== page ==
Whenever someone wants to invoke a hacker for any purpose, we usually get some (stock photography) image of a lone, hooded malware author bent over a dark keyboard. Movies, too, perpetuate the idea of some socially maladjusted loner wreaking havoc single-handedly from his (or her) laptop, with the plot usually culminating in the arrest of the individual—and there the mayhem ends, because the single genius is now in solitary.
This suggests a second popularly promoted hacker conception, that malicious hacking happens in some isolated moment of brilliance, with the hacker circumventing all sorts of systems in a single sitting. Both of these notions don’t accurately reflect the realities of the “malware industry,” a deserved designation given the size of its economic activity and the increasing degree of economic integration found across different “service providers” in the malware (and phishing) value chain.
The truth is that quite a lot of malware today, especially from Russia and Eastern Europe, is developed by an organization—an actual office of people that show up and spend their working day writing malware for a paycheck. Twenty years ago, back in the still-slightly-idealistic early days of the web, malware authors were the singular – author – and even signed their creations in such a manner that the antivirus community would know whom to give due credit. But this has changed, of course, as the stakes have gotten bigger and financial gain has become the single, overriding motivation for hackers.
Most malware authors today are someone that works full-time on writing malware. If they get health and dental coverage, I can’t say, but the point I wanted to get to is that the increasing degree of organization and even formalization in the malware industry is behind certain trends in actual malware development. So instead of loner geeks relying on momentary inspiration, what we’ve got are businesses grinding things out over the long term, which I think is contributing to a broadening of their use of legitimate software and tools to accomplish their ends.
Illegitimate Legitimate Software
I’ve written previously about “fileless” malware, and how malware developers are leveraging pre-installed system tools which are already on everyone’s computers. Another trend to keep an eye on is the use and abuse of legitimate software in malware attacks, which poses challenges in detection. Legitimate software often is capable of very malicious behavior if used in such a way, although it obviously wasn’t designed for it. The usual example of this is Flash, but also considered in this category are several legitimate remote access tools sometimes hijacked for malware attacks, and the episode earlier this year of malicious modules in the official Python repository, whereby installing a compromised Python package could allow malicious code to execute—GitHub found vulnerabilities in over 500,000 repositories.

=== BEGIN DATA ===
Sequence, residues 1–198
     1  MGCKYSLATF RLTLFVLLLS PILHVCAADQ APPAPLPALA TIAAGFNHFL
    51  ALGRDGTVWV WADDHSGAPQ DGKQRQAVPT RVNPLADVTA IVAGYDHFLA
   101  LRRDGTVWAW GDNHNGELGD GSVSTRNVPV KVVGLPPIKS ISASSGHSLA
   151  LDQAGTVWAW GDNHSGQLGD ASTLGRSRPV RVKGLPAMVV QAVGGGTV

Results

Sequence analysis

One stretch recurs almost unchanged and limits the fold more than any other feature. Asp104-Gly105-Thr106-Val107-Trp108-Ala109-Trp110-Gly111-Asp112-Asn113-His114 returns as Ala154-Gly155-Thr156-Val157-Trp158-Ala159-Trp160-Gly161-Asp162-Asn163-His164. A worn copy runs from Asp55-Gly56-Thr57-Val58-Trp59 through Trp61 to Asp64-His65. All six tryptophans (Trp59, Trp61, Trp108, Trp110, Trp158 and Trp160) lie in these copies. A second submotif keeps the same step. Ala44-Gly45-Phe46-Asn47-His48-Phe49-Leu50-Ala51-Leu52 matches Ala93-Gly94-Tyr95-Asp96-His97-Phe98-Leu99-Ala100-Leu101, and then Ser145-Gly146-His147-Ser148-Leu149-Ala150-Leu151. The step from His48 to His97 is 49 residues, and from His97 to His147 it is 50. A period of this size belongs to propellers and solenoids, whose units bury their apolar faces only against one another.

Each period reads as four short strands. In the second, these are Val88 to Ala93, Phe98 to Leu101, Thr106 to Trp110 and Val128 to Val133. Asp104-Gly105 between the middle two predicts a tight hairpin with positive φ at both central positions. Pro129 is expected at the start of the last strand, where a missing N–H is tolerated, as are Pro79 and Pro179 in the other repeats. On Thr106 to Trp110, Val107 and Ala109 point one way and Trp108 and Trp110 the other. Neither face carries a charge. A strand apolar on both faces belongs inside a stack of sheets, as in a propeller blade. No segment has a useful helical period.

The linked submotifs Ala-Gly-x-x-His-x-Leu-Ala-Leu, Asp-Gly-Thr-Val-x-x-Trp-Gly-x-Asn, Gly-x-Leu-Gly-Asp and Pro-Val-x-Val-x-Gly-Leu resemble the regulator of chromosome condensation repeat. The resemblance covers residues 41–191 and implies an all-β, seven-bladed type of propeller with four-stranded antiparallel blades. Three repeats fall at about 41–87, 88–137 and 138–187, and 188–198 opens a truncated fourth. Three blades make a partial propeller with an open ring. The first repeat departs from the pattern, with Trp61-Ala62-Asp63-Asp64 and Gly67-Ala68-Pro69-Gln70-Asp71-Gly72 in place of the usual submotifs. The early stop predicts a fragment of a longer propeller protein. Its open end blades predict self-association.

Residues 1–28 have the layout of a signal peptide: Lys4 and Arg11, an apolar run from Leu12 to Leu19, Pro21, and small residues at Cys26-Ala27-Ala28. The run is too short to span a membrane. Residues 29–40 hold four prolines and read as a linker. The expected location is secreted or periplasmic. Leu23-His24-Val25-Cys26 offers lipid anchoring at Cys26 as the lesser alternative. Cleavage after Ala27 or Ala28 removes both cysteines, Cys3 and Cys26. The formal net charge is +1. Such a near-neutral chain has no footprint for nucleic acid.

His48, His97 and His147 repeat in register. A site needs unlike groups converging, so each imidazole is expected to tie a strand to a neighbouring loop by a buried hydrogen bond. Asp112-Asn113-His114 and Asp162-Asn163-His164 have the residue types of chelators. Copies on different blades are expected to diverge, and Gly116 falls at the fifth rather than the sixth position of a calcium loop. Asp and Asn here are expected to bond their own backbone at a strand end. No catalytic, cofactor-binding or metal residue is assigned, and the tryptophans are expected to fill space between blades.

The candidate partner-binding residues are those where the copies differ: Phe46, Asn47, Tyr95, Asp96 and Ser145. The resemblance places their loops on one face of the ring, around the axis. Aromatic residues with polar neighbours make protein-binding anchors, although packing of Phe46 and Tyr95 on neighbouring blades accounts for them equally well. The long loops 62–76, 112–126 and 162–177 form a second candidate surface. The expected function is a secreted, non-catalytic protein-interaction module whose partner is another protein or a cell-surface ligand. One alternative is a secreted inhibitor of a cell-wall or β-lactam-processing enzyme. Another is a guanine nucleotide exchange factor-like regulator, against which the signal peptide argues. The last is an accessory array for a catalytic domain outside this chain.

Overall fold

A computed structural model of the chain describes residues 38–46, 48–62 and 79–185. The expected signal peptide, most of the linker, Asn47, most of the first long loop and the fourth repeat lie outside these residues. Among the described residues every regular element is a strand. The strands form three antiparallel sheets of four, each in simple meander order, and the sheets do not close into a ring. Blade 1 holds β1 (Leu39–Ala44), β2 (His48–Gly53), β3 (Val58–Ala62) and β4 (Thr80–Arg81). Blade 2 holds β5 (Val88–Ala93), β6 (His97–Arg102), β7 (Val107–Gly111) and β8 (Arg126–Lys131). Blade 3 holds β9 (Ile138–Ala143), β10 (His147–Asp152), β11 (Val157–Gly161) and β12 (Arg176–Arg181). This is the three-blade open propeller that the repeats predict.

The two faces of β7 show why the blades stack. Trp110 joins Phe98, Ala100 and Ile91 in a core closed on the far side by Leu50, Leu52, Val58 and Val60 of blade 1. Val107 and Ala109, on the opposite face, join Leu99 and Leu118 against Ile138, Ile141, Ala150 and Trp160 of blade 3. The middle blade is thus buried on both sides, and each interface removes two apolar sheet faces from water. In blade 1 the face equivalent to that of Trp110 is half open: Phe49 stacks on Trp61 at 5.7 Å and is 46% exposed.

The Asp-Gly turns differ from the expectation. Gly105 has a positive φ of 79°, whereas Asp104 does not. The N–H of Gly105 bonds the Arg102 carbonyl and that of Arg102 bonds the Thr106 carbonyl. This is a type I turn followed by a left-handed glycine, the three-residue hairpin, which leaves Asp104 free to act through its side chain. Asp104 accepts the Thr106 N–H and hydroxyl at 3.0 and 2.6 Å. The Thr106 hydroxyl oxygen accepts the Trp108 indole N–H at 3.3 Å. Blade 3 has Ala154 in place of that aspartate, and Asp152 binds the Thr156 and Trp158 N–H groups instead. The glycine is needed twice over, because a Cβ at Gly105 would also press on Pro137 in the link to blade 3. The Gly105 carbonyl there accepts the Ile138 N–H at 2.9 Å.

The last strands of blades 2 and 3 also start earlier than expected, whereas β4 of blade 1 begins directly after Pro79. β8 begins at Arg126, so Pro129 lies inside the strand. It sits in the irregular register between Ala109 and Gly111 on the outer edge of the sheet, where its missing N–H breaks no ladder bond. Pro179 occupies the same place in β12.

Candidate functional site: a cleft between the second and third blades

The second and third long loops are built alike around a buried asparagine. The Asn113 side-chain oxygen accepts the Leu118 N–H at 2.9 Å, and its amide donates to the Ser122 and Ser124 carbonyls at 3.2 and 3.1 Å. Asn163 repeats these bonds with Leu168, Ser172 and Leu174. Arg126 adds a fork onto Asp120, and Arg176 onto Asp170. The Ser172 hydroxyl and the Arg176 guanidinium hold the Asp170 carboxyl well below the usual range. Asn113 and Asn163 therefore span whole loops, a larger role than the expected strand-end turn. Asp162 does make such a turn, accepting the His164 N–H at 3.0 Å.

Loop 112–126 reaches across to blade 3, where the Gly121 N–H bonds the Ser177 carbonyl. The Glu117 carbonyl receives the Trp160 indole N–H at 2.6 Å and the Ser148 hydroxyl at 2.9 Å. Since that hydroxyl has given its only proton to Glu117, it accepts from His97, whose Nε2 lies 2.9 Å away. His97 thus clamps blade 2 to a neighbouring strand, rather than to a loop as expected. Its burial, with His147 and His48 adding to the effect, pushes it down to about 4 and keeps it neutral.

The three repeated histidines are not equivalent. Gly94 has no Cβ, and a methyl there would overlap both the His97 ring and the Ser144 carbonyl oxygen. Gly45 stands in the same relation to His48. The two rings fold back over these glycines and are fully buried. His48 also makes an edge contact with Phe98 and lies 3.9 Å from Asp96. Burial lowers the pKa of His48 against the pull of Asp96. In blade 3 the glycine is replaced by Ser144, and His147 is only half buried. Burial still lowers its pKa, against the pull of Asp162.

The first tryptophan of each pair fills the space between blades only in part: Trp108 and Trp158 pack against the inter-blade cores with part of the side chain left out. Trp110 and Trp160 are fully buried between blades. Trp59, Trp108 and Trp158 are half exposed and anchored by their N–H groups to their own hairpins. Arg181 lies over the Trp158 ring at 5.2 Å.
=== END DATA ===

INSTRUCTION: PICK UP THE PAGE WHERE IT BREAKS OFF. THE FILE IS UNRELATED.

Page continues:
Malware Authors Use Our Tools for QA
Another category of this blending of the legitimate and the illegitimate extends to tools used by malware researchers. You may not be familiar with YARA, an open source tool described on its GitHub page as “the pattern-matching Swiss Army knife,” but all malware researchers certainly are. Naturally, it turns out that security researchers aren’t the only ones using YARA – for those who spend enough time analyzing malware to begin to “read between the lines,” as it were, it is very clear that malware authors are using YARA themselves to develop tests and do extensive QA of their own malware. In the same way that a malware analyst might use YARA to de-obfuscate (for example) RTF files, malware developers can use the program to check if their obfuscations are easily findable. There are a lot of different types of obfuscations to be found in many RTF files, many are simple – splitting malicious strings with spaces, tabs and new lines. But it can get fancy pretty fast, since RTF is not limited to exploiting only RTF parsing vulnerabilities, it supports embedded objects like OLE objects and images that can be used in exploits.
The point is, a malware development organization can and does acquire and use our same tools to “improve” their product. Or, increasingly, they outsource it to a testing vendor who uses these tools, and more. I’m aware of malware industry services which perform multiple scans to check if a particular piece of malware might get caught easily, essentially a Virus Total-like service for the badly intended.
It would be nice for us all if stock photography images were accurate and malware developers really were loners, but integrated malware businesses are what we’ve got today.